When someone owes your company money, you may have to make concerted efforts to compel them to repay you. While most people will make timely payments, not everyone takes on a debt with the intention to repay it in full.
Unfortunately, it is common for individuals with the resources to meet their financial obligations to intentionally avoid repaying certain debts. When someone has fallen behind on their account, you may need to initiate collection activities.
What limitations are there regarding your attempts to collect money owed to you?
There are rules that limit your communication attempts
Frequently contacting someone to push them to make payment arrangements can quickly cross the line between persistence and abuse. The nature of your company’s relationship with the individual involved will determine what restrictions apply to your debt collection communications with them.
When you are the business that provided the goods or services to them, your direct business relationship may make it appropriate for you to contact them daily or several times a week. If you are a company hired by the original creditor, then daily calls might cross the line into harassment.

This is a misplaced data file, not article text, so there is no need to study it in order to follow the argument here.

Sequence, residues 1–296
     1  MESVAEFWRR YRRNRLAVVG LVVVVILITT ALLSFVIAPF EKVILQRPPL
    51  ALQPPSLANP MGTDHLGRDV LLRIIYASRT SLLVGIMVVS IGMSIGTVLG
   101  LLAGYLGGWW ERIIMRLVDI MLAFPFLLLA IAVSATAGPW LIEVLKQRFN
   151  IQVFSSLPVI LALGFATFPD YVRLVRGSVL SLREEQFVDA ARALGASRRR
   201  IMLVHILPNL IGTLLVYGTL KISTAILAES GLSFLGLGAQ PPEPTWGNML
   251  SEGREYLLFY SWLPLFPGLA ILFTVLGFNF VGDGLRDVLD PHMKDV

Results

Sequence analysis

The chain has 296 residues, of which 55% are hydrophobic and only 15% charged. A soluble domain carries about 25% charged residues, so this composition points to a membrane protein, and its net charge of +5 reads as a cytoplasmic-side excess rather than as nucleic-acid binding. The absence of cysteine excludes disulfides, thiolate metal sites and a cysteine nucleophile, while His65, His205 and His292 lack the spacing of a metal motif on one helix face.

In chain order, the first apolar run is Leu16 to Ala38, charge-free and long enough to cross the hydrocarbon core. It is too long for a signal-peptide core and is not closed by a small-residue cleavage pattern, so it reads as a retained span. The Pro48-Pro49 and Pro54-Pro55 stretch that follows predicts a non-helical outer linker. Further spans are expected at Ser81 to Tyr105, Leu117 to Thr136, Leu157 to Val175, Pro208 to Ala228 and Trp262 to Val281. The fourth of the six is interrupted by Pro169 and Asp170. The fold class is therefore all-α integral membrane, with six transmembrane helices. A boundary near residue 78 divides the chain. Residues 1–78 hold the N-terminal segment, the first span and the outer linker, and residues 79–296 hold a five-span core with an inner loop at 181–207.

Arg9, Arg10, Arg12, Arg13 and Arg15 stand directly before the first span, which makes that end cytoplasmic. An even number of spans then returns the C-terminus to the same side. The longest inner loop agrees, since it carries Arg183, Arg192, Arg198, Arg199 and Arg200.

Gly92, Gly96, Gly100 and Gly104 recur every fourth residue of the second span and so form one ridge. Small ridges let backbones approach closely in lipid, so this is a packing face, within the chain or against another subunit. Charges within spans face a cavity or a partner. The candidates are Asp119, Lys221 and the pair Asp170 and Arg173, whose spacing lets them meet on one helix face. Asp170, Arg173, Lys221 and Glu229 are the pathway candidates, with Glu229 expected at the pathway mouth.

It’s also important to understand that if a debtor sends a certified letter asking you to stop contacting them or if they advise you that they cannot receive personal calls at work that you abide by those requests.
There are rules about how you talk to the person who owes you money
You cannot become abusive or threatening towards someone just because they owe your company money. You can tell them that legal action may result from continued non-payment, but you can’t threaten to have them arrested for non-payment.
Even court-ordered collections have restrictions
There are limits on court enforcement actions as well. If someone truly refuses to pay, you may try to take them to court, or maybe you want to garnish their wages. Even then, you may be subject to specific limitations, such as rules that prevent you from garnishing the wages of someone who already doesn’t earn enough to support themselves or limiting how much you can collect.
Learning more about your rights as a creditor and the rules that apply to business collection activity can help you get the money someone owes you without taking legal or financial risks.